Not Such a Small Thing

But the L-rd said to Moses and Aaron, “Because you did not trust Me enough to affirm My sanctity in the sight of the Israelite people, therefore you shall not lead this congregation into the Land that I have given them.” (Bamidbar 20:12)

Our commentators have struggled to identify the serious infraction that brought about Hashem’s wrath upon Moshe and Aharon. Ohr Hachaim suggests 10 possible transgressions, but other commentators question every one of the proposed offenses. Regardless of the true reason, we learn the serious ramifications of any sin. The two great people who struggled and toiled on behalf of the people for decades were punished severely for a misstep that is difficult to identify. Even 515 potent tefillot of Moshe were not enough to overturn the verdict and absolve the holy siblings of a wrongdoing we have difficulty identifying.

Harav Yechezkel Sarna brings examples of isolated incidents in which the actions or words of one person changed the course of history and the nature of creation. On the sixth day — the first day any human walked the planet — Adam Harishon ate a forbidden fruit and death was introduced into creation. One small act by one individual — and creation changed drastically forever. The death of everyone who ever died was the result of that one deed. Avraham Avinu was described as “My beloved” by Hashem. In spite of all the good he did on behalf of Hashem to publicize His name and to draw people to His service, he asked one question — “How do I know that I will inherit the Land?” — which resulted in 400 years of brutal hardship and servitude for his offspring.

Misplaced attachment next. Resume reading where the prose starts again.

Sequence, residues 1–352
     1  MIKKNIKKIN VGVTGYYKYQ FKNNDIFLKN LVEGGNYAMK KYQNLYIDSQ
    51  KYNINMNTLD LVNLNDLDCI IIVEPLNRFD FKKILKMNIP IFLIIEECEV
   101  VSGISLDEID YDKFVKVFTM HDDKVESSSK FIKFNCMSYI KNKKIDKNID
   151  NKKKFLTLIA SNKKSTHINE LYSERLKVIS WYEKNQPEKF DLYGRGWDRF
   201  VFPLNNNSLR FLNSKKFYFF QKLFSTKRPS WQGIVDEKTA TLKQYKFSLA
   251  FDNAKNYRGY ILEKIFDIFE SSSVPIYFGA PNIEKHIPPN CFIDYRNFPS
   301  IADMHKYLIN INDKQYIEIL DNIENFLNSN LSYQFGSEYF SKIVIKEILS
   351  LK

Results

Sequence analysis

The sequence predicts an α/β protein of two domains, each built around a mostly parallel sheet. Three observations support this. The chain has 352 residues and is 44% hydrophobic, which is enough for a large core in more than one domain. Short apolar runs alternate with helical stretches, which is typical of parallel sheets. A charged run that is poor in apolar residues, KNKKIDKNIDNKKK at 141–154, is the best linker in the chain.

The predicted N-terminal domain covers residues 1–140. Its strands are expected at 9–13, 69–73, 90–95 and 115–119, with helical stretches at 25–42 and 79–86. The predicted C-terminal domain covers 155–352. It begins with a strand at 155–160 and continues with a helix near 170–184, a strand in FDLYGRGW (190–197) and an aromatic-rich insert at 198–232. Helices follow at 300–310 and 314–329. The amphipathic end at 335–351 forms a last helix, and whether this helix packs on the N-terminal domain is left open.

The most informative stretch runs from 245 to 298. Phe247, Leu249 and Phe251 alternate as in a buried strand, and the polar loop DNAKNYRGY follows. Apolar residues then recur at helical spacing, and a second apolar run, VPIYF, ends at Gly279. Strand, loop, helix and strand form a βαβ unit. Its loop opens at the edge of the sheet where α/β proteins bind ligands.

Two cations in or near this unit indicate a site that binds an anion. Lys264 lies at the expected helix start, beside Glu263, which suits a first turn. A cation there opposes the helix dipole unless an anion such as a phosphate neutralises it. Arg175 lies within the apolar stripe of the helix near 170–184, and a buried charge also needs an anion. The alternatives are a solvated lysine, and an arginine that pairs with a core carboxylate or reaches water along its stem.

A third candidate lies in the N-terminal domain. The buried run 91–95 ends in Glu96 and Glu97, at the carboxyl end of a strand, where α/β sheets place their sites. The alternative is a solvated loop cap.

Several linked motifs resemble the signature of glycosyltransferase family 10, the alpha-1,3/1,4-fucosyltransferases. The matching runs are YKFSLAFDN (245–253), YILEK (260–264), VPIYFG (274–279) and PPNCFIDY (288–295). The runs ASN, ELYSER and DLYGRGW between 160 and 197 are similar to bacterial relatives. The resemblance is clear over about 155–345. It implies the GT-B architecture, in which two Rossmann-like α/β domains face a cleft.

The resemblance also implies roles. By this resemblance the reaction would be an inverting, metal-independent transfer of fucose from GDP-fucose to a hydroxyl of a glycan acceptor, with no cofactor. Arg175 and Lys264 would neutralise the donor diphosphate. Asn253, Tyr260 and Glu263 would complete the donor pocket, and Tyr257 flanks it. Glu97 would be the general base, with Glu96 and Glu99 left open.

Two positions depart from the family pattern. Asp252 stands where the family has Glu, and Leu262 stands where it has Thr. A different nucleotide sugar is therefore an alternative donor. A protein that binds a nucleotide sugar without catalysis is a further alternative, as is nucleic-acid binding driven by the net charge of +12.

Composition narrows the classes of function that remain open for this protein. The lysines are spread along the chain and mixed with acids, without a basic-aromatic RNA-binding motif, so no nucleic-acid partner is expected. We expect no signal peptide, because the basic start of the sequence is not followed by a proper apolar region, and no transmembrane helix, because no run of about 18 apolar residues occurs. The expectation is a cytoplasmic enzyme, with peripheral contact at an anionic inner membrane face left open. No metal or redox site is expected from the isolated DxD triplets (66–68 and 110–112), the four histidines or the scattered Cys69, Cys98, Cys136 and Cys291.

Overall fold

Here we see that Moshe, the true servant of Hashem, the shepherd of Israel and the one who brought down the Torah from Heaven to our people, a man whom the Torah describes as unequaled in prophecy, suffered a harsh decree for one sin. The ramifications for the Jewish people are enormous. If he had led us into the Land, we would have possessed it forever. Had Moshe built the Beit Hamikdash, it could never have been destroyed. One lapse — one sin — and everything changed. This is what the Gemara means when it states, “Praiseworthy is the one who performs one mitzvah, for he is the decisive element in bringing the world to the side of merit. On the contrary, one who does a sin weighs the balance scale to the side of liability” (Kiddushin 40b). When tempted and in doubt, consider that the one act you are about to do or not to do can influence everything forever.

We are taught that the power of good is at least 500 times more potent than the workings of evil. How influential and powerful an individual can be without much effort! The passuk says, “It is not in Shamayim… rather in your mouth and your heart to do” (Devarim 30:12–14). A good word, a positive thought, can change creation. A man like the Chofetz Chaim, living in a small Polish village called Radin, influenced the entire world positively in his lifetime and beyond. Desire and good will enable any individual to light up the entire universe.

There are no small deeds. What you do is big and important to everyone.

Shabbat shalom.